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Rogers Hornsby and the Greatest Season in Cardinals History

Ninety years ago, Rogers Hornsby put up astounding numbers, whether you're counting traditionally or sabermetrically.

The National Pastime Museum

If there is one fact associated with Rogers Hornsby, it is that he batted .424 in 1924 - the best single season average in history. For decades, Hornsby’s mark stood along Roger Maris’ home run mark, two seemingly unbreakable records in the most revered baseball card stats.

Both records have fallen. Maris’ record was broken and tainted (in the eyes of many fans) by the power surge of the steroid era. But Hornsby’s achievement - while nobody has or likely will top it - has likewise fallen in stature as better analysis has found batting average itself to be a less compelling mark of a player’s worth.

But even if we set aside batting average, Hornsby’s 1924 season was the best ever by a Cardinal, and one of the very best in all of baseball history.

Rogers Hornsby 1924



















What do all of those stats have in common? Hornsby led the league in every category. Whatever the slang for "sick" was in 1924 - that’s what those numbers were.

If conventional wisdom has set aside batting average, it’s generally been replaced with on-base percentage. Hornsby is one of only five players to post a single-season OBP above .500. In fact, he led the league in hits and walks, one of only four to ever pull that off in the same season.

"The Rajah" so cherished his batting eye, most every biography will mention that he refused to read or go to the movies in order to keep it sharp. He neither smoked nor drank, and followed a strict workout regimen to keep his body sharp in an era when such behavior was far from the norm. The result? He turned himself into a nearly perfect baseball machine.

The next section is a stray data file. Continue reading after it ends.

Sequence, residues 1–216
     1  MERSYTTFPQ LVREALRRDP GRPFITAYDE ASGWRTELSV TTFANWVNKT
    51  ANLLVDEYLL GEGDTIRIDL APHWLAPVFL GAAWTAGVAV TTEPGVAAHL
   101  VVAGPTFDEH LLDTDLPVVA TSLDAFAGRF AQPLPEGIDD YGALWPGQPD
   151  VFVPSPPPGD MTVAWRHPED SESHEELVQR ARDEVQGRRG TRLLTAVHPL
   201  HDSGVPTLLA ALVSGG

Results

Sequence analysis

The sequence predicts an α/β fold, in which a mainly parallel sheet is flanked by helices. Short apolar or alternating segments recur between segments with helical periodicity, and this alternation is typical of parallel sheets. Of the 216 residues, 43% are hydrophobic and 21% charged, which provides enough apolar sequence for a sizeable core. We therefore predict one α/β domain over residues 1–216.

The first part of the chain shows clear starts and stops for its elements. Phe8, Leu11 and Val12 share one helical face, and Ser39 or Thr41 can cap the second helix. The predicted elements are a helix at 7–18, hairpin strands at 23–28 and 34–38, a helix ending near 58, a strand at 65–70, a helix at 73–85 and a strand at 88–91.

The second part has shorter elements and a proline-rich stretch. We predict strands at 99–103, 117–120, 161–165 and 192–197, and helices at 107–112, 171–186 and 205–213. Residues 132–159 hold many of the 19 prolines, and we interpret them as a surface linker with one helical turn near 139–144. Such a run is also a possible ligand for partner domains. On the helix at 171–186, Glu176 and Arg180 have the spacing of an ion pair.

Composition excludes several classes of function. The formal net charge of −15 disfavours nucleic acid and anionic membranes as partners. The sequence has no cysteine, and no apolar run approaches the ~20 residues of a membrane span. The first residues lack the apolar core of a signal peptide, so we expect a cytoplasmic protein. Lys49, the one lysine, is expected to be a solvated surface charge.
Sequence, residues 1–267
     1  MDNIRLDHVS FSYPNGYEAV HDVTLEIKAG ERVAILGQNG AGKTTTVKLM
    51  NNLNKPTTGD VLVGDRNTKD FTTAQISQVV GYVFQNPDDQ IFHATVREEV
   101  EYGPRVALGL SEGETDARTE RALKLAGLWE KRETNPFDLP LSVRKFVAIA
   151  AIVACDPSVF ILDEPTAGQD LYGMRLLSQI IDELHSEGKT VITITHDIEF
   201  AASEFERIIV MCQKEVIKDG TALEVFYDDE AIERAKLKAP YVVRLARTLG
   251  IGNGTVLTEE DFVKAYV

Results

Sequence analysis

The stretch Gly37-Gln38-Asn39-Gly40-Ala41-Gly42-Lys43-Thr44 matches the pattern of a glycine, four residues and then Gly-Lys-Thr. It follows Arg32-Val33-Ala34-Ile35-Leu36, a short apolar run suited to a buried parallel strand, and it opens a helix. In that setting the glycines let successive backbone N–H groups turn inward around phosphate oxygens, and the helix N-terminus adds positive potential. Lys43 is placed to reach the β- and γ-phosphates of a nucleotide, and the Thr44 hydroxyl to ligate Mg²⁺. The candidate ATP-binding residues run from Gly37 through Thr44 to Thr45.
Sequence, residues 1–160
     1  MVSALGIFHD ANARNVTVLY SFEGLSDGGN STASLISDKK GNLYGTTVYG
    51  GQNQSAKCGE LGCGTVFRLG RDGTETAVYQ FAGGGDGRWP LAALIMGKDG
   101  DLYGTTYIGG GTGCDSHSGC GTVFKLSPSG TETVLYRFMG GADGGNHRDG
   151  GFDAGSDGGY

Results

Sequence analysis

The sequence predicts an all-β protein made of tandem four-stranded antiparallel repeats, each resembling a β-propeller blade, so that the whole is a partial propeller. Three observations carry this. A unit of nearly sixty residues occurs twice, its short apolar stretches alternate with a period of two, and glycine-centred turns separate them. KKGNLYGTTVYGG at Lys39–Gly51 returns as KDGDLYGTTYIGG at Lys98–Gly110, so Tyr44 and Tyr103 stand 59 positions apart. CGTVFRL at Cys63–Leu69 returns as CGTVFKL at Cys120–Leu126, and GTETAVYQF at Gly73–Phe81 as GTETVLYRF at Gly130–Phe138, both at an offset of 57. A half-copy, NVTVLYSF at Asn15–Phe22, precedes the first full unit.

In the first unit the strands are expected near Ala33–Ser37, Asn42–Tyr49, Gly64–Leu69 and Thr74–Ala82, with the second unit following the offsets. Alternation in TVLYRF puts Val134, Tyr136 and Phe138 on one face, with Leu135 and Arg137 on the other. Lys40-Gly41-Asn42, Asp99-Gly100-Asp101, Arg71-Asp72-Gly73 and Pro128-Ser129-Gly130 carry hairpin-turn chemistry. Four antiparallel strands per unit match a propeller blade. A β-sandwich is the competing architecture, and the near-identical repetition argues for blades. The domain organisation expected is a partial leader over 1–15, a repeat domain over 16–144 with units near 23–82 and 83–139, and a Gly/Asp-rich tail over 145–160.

In addition to his historic contact and on-base skills, Hornsby also brought power to the plate. His 25 home runs in 1924 were a bit of a dip from the 43 in his Triple Crown year of 1922 and the 39 in his Triple Crown year to follow. Still, only three players ever combined power and on-base skill to top Hornsby’s 1924 OPS of 1.203: Ruth, Williams and Bonds.

So how does WAR, the stat to end all stats, catalog Hornsby’s monster season? Baseball Reference counts it as the fifth best season in history, behind only three Babe Ruth seasons and Carl Yastrzemski's 1967 Triple Crown campaign. Fangraphs counts it as the eighth best season, behind several years of Ruth and one season each from Gehrig and Bonds.

Both systems agree that in 1924, Rogers Hornsby was worth more than 12 wins to the Cardinals, the most in team history.

In 1924, the National League presented its first "League Award," the immediate precursor of the modern MVP, to the player voted best by a panel of eight baseball writers. Hornsby had just put up a season unrivaled by any hitter in the history of the National League. The writers gave the award to Dazzy Vance of the Brooklyn Dodgers.

In 20 years, kids may not be able to rattle off Hornsby’s batting average record the way we once were. But whatever metric may be fashionable, when people look at Hornsby’s 1924 season, they will see greatness.